Expression Interrupted

Journalists and academics bear the brunt of the massive crackdown on freedom of expression in Turkey. Scores of them are currently subject to criminal investigations or behind bars. This website is dedicated to tracking the legal process against them.

Nedim Türfent: We were in prison within a prison

Nedim Türfent: We were in prison within a prison

“We were in prison 24/7 but in a prison within a prison. Phone, sports, courses, common activity rights… All these rights are denied to detainees and convicts,” says journalist Nedim Türfent, who was recently released after 6.5 years in prison




In 2016 there was a curfew in the Yüksekova district in Hakkari. Images captured from a construction site rocked the agenda in Turkey, like a bombshell. In the images the Special Ops Team had more than 50 workers, young and old, lying on the ground with handcuffs behind their back and they were being told “You will come to see the power of the state of the Republic of Turkey. I know you all. Whoever betrays us will get what he deserves. Whatever did the state do to you? You will come to see the power of Turks.” Journalist Nedim Türfent, who reported on the news first received death threats on social media accounts with “JİTEM” usernames. He was detained on 12 May 2016 but it was not announced where he was being taken or that he had been detained. Upon backlash on social media, he was imprisoned pending trial on 13 May 2016 on charges of “membership in an armed organization.” The indictment concerning him was prepared 13 months after his imprisonment. His news reporting, and the interviews carried out for the reporting were considered “offenses.” There were also open and secret witness testimonies. Almost all of the witnesses later said they were forced to testify under torture. Some had been threatened with death and others with rape. Some among them apologized from Türfent. However, the court sentenced Türfent to 8 years and 9 months in prison for “membership in a terrorist organization.”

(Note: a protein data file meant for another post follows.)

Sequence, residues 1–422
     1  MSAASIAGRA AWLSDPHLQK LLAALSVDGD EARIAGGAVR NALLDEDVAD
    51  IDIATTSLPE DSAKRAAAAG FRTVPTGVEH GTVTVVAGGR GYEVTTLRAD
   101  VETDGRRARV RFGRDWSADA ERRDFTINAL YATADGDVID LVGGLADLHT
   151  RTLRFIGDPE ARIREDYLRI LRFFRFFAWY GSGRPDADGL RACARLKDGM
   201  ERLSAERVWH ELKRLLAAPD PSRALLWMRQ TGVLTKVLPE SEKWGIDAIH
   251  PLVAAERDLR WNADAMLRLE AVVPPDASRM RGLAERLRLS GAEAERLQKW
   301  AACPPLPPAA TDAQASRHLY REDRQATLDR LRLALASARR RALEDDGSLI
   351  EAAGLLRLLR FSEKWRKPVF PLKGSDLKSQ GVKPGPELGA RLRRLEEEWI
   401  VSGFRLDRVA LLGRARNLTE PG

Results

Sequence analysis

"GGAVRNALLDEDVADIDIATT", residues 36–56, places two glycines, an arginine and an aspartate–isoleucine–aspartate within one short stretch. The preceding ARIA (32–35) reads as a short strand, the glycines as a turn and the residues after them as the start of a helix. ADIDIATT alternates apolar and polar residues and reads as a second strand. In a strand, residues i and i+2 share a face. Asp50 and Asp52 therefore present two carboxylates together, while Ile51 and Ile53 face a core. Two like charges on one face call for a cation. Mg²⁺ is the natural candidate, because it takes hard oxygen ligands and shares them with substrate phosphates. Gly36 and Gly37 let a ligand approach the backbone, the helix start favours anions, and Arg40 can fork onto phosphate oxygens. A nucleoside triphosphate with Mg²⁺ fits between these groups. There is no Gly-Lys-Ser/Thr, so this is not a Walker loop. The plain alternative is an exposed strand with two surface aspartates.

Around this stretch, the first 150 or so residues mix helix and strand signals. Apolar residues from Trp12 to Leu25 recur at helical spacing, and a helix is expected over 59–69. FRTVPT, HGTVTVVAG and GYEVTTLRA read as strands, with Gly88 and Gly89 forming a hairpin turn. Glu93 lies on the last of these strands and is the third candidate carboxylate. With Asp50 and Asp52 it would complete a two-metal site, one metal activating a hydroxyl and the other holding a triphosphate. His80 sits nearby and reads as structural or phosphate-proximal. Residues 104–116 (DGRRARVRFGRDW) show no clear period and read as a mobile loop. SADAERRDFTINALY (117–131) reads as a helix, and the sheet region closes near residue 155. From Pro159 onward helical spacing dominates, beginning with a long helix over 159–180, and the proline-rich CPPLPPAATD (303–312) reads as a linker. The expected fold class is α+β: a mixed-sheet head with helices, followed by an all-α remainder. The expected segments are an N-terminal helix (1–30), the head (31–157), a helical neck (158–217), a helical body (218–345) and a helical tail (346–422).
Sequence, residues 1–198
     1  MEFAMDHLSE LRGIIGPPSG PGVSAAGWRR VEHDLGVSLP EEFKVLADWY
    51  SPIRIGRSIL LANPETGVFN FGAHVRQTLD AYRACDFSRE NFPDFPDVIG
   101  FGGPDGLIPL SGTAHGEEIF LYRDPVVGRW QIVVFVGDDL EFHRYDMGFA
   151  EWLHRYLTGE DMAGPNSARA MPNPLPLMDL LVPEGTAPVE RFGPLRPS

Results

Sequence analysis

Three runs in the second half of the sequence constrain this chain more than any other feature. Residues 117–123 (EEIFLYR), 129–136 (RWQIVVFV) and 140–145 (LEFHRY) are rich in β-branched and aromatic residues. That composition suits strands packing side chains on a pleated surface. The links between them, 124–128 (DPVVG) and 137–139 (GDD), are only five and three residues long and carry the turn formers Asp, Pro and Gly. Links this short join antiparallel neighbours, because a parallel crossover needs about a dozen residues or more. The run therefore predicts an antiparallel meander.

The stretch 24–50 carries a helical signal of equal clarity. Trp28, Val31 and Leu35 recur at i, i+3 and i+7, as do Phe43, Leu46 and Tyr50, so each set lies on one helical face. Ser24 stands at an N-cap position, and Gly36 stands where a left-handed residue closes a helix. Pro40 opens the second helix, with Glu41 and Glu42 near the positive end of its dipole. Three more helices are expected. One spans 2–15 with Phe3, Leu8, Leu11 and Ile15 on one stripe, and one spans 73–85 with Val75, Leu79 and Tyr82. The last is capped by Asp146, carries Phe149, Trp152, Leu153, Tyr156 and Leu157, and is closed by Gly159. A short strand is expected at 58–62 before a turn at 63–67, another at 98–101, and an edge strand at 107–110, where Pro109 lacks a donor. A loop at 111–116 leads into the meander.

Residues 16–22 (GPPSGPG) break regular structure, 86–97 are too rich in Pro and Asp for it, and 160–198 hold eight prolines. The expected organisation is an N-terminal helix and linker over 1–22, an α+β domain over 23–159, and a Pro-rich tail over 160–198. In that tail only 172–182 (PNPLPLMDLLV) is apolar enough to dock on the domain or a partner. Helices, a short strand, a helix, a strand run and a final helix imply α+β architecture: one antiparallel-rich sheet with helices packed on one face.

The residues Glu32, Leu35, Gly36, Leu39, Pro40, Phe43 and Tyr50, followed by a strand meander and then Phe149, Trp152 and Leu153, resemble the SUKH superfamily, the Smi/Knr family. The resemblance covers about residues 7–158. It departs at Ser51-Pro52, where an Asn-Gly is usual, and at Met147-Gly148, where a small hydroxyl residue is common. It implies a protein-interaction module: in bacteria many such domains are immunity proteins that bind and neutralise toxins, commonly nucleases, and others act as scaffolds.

The sentencing was approved and Türfent was only released six and a half years, or 2392 days after his arrest, on 29 November 2022. We met in the streets of Sur in Diyarbakır right after he regained his freedom. Türfent said much had changed in Sur since he had last been. He also spoke of his years in prison.


“A person’s life should not pass in prison”


In an interview we carried out in the second year of his time in prison via his lawyers, Türfent told me he missed mingling with a crowd and hugging children. He has now hugged children aplenty. As for mingling with crowds, some of it he did in Sur, and some of it in İstanbul. When I ask him how he’s doing he says “Fine” and adds “I am trying to get used to it. Life in prison is completely different. You are always surrounded by walls. Not just the concrete walls of the prison but all the bureaucratic walls of the state, walls of the court. I have been in isolation for a long time. I stayed in a single-person cell for 18 months early on. Later, almost all my time in prison passed in cells with two or three people. Staying away from crowds, from socializing, it has harmed my faculties of speech and my social reflexes. Now I am out. Within a very large crowd…”